London Courts this week found IOF soldier Taysir Hayb, guilty of unlawfully and intentionally killing British photojournalist Tom Hurndall in Gaza in 2003, thus in flagrant violation of international law, namely the Fourth Geneva Convention.
Israeli authorities had refused to give evidence throughout the legal proceedings, even obstructing a British police investigation.
On Tuesday 10 April 2006, the British Attorney General was called on to seek war crimes charges against the IOF officers in command of Sergent Harb.
On April 11th, 2003, 21- year-old Tom Hurndall, working for the International Solidarity Movement in Rafah south of the Gaza Strip, was shot in the head in broad daylight by an Israeli sniper; Tom was hospitalized in British Royal Hospital.
He died on January 13th, 2004.
The Israeli sniper later said his commanders had issued orders allowing him to shoot even unarmed civilians.
Tom Hurndall had been running out into the street under IOF gunfire to lead three Palestinian children to safety when he was shot.
The IOF initially refused more than a routine internal inquiry into Tom’s murder, and concluded that Hurndall was shot accidentally in the crossfire.
Hurndall's family collected evidence that in fact he was aimed at, and demanded an investigation.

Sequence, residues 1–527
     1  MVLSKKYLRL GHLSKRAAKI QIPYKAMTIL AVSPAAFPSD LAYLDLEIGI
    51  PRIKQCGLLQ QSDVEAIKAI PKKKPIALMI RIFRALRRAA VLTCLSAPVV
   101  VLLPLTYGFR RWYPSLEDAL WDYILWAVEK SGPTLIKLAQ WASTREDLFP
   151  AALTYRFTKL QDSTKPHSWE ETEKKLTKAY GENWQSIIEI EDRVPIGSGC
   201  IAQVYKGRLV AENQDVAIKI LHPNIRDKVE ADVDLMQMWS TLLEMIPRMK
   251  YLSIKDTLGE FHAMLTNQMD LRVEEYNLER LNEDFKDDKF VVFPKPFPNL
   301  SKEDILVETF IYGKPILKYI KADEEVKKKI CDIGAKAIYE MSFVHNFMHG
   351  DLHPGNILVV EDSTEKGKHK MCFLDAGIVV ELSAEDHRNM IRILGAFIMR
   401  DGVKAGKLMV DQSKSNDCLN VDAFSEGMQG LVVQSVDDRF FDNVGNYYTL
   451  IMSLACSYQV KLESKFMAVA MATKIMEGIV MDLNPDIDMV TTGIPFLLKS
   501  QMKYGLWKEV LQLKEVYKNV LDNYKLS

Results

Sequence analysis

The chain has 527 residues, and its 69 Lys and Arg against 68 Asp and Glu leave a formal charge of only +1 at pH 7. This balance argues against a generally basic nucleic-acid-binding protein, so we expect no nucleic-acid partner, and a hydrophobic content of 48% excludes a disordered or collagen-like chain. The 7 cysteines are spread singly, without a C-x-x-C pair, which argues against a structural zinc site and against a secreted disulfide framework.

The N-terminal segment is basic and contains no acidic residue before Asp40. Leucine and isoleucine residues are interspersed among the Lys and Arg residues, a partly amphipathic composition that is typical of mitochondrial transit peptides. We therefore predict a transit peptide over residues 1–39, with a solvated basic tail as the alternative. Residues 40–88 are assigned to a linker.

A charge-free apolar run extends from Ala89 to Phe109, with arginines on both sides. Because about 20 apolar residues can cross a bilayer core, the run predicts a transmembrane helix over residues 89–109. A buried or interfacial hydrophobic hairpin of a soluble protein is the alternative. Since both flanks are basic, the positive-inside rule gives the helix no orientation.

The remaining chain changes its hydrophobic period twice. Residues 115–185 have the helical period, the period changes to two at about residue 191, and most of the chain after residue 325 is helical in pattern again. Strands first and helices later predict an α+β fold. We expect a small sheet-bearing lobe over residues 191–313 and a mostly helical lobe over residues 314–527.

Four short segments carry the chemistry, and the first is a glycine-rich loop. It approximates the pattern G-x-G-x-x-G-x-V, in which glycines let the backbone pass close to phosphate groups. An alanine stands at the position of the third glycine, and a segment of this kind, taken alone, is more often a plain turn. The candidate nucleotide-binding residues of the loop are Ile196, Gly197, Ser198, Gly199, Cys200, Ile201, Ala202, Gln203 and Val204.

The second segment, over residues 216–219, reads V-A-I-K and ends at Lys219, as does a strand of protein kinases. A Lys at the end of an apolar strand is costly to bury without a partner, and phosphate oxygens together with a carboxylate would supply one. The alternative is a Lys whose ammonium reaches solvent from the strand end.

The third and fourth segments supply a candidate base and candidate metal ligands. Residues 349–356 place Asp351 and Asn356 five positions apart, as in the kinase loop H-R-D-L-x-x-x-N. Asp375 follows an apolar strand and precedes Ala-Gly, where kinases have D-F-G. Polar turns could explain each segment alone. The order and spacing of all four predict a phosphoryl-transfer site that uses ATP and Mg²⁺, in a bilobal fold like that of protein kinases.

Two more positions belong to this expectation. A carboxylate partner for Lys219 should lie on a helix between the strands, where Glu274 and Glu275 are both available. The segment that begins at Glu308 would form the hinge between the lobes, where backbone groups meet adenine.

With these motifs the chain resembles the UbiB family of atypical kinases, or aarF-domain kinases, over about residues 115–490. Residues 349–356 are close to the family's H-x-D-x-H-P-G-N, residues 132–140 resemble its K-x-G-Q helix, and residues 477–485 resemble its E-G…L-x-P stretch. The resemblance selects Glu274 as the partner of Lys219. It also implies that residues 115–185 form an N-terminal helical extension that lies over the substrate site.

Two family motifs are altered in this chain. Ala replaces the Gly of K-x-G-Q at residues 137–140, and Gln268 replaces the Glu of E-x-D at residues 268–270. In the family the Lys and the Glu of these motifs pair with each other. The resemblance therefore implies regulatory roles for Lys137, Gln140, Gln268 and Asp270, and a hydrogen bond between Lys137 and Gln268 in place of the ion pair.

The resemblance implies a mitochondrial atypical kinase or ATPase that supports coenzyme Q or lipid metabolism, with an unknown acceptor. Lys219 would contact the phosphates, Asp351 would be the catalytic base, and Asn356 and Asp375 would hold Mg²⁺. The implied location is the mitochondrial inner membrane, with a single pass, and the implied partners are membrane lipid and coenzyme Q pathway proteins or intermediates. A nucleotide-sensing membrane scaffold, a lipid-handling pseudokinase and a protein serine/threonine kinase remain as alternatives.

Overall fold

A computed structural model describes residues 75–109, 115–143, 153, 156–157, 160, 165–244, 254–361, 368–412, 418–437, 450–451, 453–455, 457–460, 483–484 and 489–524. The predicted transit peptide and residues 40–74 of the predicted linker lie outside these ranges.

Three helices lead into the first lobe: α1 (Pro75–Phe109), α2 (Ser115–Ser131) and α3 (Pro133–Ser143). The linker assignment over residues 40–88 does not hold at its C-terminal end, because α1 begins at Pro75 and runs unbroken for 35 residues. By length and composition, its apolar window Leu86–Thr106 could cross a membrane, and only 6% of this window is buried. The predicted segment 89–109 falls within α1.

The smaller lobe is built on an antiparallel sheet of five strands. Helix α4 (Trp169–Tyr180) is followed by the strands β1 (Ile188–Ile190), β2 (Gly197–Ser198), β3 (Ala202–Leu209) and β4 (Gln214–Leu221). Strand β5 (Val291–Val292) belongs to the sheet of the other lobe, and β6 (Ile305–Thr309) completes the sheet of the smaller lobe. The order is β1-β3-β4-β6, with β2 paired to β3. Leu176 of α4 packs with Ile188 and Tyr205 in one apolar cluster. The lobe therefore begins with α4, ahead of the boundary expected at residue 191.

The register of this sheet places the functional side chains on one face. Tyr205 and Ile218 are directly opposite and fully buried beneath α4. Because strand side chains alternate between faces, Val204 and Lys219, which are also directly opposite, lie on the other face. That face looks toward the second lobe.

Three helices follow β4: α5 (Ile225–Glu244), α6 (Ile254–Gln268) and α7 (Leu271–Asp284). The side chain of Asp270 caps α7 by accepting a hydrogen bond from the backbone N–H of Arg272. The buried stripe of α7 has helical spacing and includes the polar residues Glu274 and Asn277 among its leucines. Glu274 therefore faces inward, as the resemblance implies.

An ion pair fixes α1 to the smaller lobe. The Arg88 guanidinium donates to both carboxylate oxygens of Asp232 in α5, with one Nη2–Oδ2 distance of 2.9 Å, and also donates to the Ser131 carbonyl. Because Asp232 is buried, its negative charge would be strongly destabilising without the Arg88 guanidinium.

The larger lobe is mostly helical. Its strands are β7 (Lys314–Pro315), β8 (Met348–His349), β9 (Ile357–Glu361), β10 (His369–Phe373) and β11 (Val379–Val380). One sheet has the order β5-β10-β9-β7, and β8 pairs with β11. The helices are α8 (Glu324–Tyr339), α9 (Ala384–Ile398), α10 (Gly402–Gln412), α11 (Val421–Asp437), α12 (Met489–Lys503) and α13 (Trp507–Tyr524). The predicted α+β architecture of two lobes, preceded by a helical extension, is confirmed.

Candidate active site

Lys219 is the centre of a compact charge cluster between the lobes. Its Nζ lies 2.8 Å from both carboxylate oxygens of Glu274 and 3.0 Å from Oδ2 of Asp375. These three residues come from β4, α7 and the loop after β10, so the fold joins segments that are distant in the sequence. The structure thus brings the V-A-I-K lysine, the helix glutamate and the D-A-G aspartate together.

After several months of pressure from the Hurndalls, supported in part by British Foreign Secretary Jack Straw, Israel's Judge Advocate General ordered the IDF in October 2003 to open a military police investigation.
In June 2005, Sergeant Hayb was convicted of manslaughter, obstruction of justice, giving false testimony and inducing comrades in his unit to bear false witness, and later was sentenced to eight years in prison by a military court.
The British attorney general was called upon this week to see how, with respect to the Geneva Conventions Act, prosecution might be sought of those involved in issuing orders about when soldiers can shoot, and "prevent similar fatalities", including possible prosecutions of Israeli commanders.
Al Mezan asserts that the murder of Tom Hurndall was in violation of international human rights law and humanitarian law, and that the latest achievements in the case against his killer are a positive step in the direction of justice.
The IOF, particularly in the Gaza Strip, poses a clear danger to foreign and Palestinian civilians and must be made accountable for its military actions.
Such steps could prevent similar misconduct in the future, and establish more careful procedures to prevent killing of Palestinian civilians or foreigners.